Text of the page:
Under the law, for example, a third-party debt collector cannot:
- Call you at all hours of the day and night.
- Call you at work.
- Use obscene or abusive language.
- Threaten you with jail time or other actions the collector can't legally take.
- Reveal your alleged debt to others, including employers, parents, children, friends and neighbors.
- Claim to be an attorney or send you documents that look like legal papers when they are not.
- Expressly say or imply that you will be arrested if you do not pay your debt.
- Threaten to seize, garnish, attach, or sell your property or wages unless the collection agency or creditor is legally able to do so and actually intends to follow through on the process.
And that's just a small portion of the FDCPA rules and regulations. The Privacy Rights Clearinghouse provides comprehensive information on the ins and outs of what is and isn't allowed when it comes to debt collection. The Clearinghouse also has links to other resources, as well as form letters you can use to dispute a collection action.
Here's hoping you never have to utilize these federal protections. But, as I found out, sometimes mistakes do happen.
So if you do ever find yourself facing a debt collector, make sure you know all your rights.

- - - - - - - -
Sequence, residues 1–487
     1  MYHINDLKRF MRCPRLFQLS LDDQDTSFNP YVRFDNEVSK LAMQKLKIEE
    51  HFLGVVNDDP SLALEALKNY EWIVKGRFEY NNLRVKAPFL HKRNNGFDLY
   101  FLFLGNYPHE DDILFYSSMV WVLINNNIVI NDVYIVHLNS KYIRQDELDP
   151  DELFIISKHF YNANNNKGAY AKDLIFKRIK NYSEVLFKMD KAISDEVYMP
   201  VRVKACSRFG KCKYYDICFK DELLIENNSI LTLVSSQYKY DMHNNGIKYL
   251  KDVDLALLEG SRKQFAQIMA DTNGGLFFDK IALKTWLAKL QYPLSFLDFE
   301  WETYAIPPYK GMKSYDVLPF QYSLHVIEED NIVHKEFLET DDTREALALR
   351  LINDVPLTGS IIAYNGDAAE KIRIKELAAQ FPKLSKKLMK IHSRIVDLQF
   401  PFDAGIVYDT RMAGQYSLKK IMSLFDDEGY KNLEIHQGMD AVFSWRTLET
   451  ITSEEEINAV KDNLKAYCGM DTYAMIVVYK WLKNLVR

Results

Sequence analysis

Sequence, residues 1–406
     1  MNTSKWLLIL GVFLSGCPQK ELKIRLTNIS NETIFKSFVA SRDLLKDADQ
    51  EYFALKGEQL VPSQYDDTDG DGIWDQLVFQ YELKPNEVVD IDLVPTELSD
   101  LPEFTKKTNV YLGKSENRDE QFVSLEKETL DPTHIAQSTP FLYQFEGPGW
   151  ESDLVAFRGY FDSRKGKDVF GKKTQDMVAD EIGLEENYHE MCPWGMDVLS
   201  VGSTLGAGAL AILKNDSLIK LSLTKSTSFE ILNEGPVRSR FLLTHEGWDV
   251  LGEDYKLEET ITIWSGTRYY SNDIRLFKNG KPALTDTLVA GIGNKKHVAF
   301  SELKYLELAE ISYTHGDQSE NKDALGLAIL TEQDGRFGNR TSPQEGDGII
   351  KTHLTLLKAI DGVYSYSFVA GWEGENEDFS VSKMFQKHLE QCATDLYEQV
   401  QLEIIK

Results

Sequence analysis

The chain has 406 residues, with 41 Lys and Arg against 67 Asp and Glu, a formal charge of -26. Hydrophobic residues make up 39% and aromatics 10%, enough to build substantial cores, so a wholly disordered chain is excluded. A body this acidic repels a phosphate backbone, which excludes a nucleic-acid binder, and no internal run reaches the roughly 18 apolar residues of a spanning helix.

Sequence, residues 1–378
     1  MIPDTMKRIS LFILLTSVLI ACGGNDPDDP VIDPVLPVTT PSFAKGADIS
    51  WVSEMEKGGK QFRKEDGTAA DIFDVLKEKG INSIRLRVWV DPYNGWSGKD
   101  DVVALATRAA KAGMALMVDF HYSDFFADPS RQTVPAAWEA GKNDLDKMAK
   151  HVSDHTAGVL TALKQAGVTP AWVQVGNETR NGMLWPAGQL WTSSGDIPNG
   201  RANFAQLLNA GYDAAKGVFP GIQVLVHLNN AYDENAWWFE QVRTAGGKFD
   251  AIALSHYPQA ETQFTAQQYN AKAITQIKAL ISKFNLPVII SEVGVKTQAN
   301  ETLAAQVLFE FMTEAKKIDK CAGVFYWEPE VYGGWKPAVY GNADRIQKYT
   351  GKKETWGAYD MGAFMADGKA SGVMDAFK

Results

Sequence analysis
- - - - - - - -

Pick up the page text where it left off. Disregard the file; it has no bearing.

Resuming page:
Cinematically collecting: OK, this 2004 British film isn't about an actual bill collector, but with the title I just had to add it here. Plus, based on the synopsis, it sounds like one of the characters is as relentless as a collection agent!
According to Screen*Select, the UK's version of Netflix, "The Debt Collector" stars Billy Connolly as ex-con Nickie Dryden, a man who's done his time, 18 years, in one of the toughest prisons in Britain. Now Dryden's married and has made a new life for himself as an acclaimed artist.
However, Gary Keltie (Kenny Stott), the policeman responsible for his conviction, cannot accept Dryden's rehabilitation and embarks on a campaign to ensure his violent crimes are not forgotten or forgiven. Connolly and Stott both give outstanding performances in this gripping drama.
Sounds pretty good. I'll have to see if I can track down a DVD domestically.